“After lockdown number one in Copenhagen last year, when we got back into the studio, I drew a line through the calendar. With my team we spent a month with the fabrics, making everything by hand, experimenting and playing – not even thinking about the final pieces. It became super important to me how the fabrics felt against the skin – the texture and touch. Our lives are so digital and distant in this moment, I wanted the fabrics to be a contrast. When you put on a piece from the collection, I want you to feel the beauty of the fabric, to be comforted by it. This sense of comfort is my idea of luxury.
After this month in the studio we had a creative challenge, to sit down, to edit and create a collection that felt coherent. I wanted it to be the most beautiful collection we’ve done – every detail, every silhouette, the fabrics, all of it to have the touch of the hand. I wanted the wearer to feel our passion for our craft in every piece.
I was drawn to the beauty of an empty city – with an imposing and industrial feel. In a very natural way, the mood and the storyboards for the film became the inspiration for the colours and mood of the designs. I collaborated with my close friends at Moon to help bring this vision to life. Connection... linking arms... being together... a journey... these things are dear to me.” - Cecilie Bahnsen, Creative Director
For Fall/Winter 2021, there was no moodboard pinned up in Cecilie Bahnsen’s studio in Copenhagen. Instead her small team spent a month surrounded by the haute couture fabrics that have become synonymous with the label: quilted silks, floral fil-coupé, pleated organza and matelassé that falls on the body like the softest paper, light yet voluminous. Creating and developing new silhouettes and details on the stand.
The result is an intimate-feeling collection that also expands the lexicon of the brand. Cecilie continues to explore more form-fitting silhouettes, with belts and elaborate sashes reminiscent of the Japanese obi. New for this season Cecilie evolves her approach to layers. Whereas in the past she layered separates one over the other, with this collection the layers are merged into a single item of clothing. So, a soft black mohair jumper supports a voluminous dress in black fil coupé wool – embroidered with clusters of floral beads like flickering lights..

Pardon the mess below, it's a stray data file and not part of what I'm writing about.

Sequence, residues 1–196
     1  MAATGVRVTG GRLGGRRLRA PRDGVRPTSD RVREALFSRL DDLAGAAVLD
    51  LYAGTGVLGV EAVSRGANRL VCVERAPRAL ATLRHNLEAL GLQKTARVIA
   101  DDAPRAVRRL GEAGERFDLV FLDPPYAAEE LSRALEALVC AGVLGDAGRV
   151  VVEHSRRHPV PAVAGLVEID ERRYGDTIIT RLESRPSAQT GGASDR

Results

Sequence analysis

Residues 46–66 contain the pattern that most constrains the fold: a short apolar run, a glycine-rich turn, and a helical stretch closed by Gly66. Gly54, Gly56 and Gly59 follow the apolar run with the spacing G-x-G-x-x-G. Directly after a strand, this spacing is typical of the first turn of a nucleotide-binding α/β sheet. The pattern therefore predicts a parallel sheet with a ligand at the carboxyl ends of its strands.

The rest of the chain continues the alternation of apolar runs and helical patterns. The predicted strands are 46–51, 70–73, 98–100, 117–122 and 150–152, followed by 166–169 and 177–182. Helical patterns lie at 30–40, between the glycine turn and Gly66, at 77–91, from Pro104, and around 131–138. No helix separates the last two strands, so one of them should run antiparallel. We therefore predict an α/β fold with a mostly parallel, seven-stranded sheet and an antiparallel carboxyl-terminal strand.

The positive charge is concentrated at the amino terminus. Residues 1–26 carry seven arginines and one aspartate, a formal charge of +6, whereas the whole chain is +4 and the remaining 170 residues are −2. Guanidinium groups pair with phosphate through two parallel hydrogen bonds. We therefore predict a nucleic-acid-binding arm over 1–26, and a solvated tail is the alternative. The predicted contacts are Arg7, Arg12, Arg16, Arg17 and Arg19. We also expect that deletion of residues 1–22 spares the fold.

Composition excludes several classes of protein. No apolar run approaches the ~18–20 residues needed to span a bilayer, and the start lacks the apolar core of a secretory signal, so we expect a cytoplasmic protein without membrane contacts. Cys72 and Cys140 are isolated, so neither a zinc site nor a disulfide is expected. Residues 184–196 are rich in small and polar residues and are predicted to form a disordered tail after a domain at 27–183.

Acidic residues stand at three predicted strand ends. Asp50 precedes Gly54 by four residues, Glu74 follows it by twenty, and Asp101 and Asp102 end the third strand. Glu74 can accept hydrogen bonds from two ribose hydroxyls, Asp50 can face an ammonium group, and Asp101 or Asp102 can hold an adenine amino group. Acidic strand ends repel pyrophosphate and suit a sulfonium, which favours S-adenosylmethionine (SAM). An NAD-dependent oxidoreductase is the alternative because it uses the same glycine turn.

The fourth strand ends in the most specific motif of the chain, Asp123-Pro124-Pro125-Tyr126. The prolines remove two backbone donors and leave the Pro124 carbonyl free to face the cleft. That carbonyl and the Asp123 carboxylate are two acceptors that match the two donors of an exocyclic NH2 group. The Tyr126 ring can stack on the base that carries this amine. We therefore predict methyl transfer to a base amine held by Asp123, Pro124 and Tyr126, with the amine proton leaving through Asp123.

The storyboards for the film inspired the colours and the mood of the collection, they were a composition of imagery from past projects that Cecilie had a strong connection with, such as the book project Tokyo Trance and the SS20 runway show on the pier in Copenhagen. With the City as a turning point, we imagined the girls on a journey through the city ́s dark flickering nights into a soft morning light.
The collection is told in four colour stories, mirroring the four chapters of the film Cecilie has produced for Paris Fashion Week. The palette weaves through greys, blacks and blues to pale lemon with glistens of orange embroidery – moving out of the darkness into light. In a new model of delivery, the collection will be made available in four drops, spread through the season by colour.
Cecilie has doubled down on outerwear for Fall/Winter. Her ongoing collaboration with Mackintosh continues with coats in shades inspired by the Nordic winter light. Cecilie has reworked the traditional anorak into a romantic silhouette with billowing sleeves and adds a detachable fil-coupe bib-style detail. The coat is available in Mackintosh’s trademark bonded cotton and her own romantic quilted faille.
In her second partnership with the Spanish footwear label Hereu – a relationship built on a shared passion for craftsmanship – Cecilie has created four styles of shoe. The stompy cushiony rubber-soled loafer is the perfect foil for the collection, weighing down the romance and femininity. Hand-made tinted glass embellishments by Cecilie’s friend, the artist Nina Nørgaard, add eye-catching detail.
Cecilie presented the film “The City” on the Paris Fashion Week official calendar, Monday 1st March, 6pm CET, produced in collaboration with Moon and the artist-illustrator Yann Le Bec. The music is courtesy of another friend, the composer August Rosenbaum.